Review: White Boy Rick

Review: White Boy Rick

Rick Wershe Jr. grew up poor in 1980s Detroit. His father sold guns and was constantly harassed by the Feds because of it. Seeing an opportunity and not being afraid to take it, Rick takes a few of his father’s weapons and sells them to a local crime lord. The sale goes well and he earns the moniker White Boy Rick, which makes perfect sense considering he is the only white dude on his block besides his grandparents. He is being accepted in the black community and enjoys everything that comes with it. The Feds see this and ensnare him, threatening his life with jail time unless he buys and sells drugs for them. The feds want to catch major dealers and see this boy (he is only 15 when this happens) as a means to do so. This true story probably should have been a documentary because while all the pieces make for great drama, the film itself is mundane ride that feel like it needed another pass.

Scenes in this film are telegraphed so badly that nothing surprises you when action or drama occur. “Oh. There is the bad guy that’ll mess this up.” you’ll think to yourself and sure enough, two scenes later he does just that. Beyond that problem the pacing of this thing is extremely weird. Sometimes they play very sad moments for laughs which is fine at times, I like contrast, but the snag occurs when you get funny in intense moments then try to get dead serious in the following scene. It feels very uneven and has no flow making for a bumpy experience. They do their best to attach us to Rick, him caring deeply for his drug addicted sister being the main hook, but he is stuck in weird scene after weird scene diminishing any heart or goodwill the character tries to build.

As far as believability is concerned, White Boy Rick gets a whole lot right. Wardrobe looks straight out of the era, while vehicles feel dense and heavy like an 80s ride should be. The soundtrack is grounded by a lot of Hip-Hop with every needle drop taking us through the years perfectly and never sounding forced. Cinema has had its fair share of bad or obvious music choices, like smashing a triangle into the circle shape of a kids toy. Thankfully, White Boy Rick does not suffer this problem and if anything will come out on top it will be this soundtrack.

 matthew mcconaughey, bel powley, yann demange, richie merritt, eddie marsan, rory cochrane, white boy rick,

White Boy Rick has the unfortunate problem of being very unexciting due to its odd pacing. Parts in the second act seem to just be there with no desire to want to be remembered, so when things hit the fan in the third act, you are damn near tuned out completely. Matthew McConaughey does a bang up job taking a first time actor under his wing, doing a ton of heavy lifting turning in the finest performance of the film while letting Richie Merritt shine a bit brighter. In his first role, Merritt does his best and comes off as a non actor which in my opinion helps the believability of the film. His horrible mustache and Detroit accent are perfect for this character, but it is too bad the film he is in seems to wanna just stop there. Other actors that deserve a little praise here are Eddie Marsan and Rory Cochrane. Eddie plays Art Derrick, a dope dealer who sells Rick kilos of cocaine. He plays a latino and it is quite hilarious watching this British mega talent get a little loose. He is barely on screen but he owns every second he’s there. As for Rory Cochrane, I’d like to start a petition for him to be in a great film that does not squander his talents. Much like his performance in Black Mass, here he is again doing solid work, but it all get held back by an iffy film.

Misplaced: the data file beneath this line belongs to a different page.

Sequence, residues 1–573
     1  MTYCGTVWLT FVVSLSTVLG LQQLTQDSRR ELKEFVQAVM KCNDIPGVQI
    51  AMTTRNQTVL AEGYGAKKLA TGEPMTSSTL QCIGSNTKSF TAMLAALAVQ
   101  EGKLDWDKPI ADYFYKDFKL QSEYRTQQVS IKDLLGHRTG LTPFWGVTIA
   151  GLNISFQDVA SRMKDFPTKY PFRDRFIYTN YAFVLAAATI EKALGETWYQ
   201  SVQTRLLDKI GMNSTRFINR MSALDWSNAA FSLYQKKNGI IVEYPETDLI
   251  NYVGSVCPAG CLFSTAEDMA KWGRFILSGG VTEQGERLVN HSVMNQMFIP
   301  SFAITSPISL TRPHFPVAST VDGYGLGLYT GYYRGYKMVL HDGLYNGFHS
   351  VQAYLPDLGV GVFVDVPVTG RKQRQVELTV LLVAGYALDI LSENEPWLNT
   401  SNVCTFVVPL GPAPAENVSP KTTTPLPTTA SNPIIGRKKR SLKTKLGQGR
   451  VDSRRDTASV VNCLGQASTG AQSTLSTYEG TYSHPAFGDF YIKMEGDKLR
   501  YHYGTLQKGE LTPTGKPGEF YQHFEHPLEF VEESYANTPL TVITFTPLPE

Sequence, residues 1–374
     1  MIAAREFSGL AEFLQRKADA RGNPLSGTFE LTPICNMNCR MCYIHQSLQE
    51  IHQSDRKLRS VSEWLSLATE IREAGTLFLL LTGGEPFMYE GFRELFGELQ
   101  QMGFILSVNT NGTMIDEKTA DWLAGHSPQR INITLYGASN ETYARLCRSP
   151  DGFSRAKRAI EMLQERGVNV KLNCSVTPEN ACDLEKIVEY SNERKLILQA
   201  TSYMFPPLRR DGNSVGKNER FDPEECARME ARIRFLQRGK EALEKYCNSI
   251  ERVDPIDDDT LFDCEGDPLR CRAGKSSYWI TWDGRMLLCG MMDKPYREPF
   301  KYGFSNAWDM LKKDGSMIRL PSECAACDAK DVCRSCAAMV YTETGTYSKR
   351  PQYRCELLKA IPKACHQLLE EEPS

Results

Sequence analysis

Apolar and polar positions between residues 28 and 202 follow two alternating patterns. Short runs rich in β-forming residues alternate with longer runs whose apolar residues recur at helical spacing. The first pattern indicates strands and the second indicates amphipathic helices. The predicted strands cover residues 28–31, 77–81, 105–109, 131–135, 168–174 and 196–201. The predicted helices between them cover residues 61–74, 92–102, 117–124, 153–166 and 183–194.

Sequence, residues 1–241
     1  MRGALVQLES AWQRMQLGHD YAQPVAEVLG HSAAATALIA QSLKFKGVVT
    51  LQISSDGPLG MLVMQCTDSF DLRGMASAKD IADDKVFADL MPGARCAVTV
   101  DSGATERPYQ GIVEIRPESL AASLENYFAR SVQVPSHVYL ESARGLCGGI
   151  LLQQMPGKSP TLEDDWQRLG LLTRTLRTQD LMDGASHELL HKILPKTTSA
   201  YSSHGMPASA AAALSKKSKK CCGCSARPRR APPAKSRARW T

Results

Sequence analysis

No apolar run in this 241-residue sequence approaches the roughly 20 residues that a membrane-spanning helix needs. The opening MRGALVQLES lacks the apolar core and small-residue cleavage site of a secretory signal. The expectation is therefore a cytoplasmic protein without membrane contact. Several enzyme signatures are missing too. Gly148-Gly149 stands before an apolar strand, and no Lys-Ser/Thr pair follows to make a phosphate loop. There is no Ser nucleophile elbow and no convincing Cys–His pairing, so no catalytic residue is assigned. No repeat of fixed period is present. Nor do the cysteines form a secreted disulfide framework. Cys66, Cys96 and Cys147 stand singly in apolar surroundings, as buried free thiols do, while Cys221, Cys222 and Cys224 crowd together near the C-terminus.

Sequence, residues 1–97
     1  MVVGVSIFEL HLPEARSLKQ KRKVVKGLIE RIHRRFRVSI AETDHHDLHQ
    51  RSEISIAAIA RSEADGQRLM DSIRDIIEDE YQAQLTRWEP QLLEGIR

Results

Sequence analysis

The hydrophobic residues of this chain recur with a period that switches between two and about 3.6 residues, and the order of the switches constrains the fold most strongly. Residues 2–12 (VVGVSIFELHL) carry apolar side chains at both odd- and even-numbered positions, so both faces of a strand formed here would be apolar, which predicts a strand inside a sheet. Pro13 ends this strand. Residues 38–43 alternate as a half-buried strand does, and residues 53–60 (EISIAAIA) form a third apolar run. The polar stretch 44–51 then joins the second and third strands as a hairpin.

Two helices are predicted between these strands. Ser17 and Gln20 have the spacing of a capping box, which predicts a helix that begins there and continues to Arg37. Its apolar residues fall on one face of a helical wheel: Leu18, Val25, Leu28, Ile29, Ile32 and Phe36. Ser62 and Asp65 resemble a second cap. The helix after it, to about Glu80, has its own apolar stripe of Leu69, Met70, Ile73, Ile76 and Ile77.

White Boy Rick is not a bad film, it just does nothing to make itself stand out in the world of Drug Cinema. Poor-souls-turn-to-selling-drugs-to-escape-the-hurt has been done way better and this very familiar song sings no new notes. White Boy Rick has quite a few problems preventing it from being a top tier hood story, but it does have a few nuggets worth mining in all of the madness so it is not all pointless. The runtime does feel much longer than 110 minutes and that is never a good feeling. Rental or a matinee is the route you should go but as always, judge for yourself!

Review: The Predator

Review: The Predator

Review: Kin

Review: Kin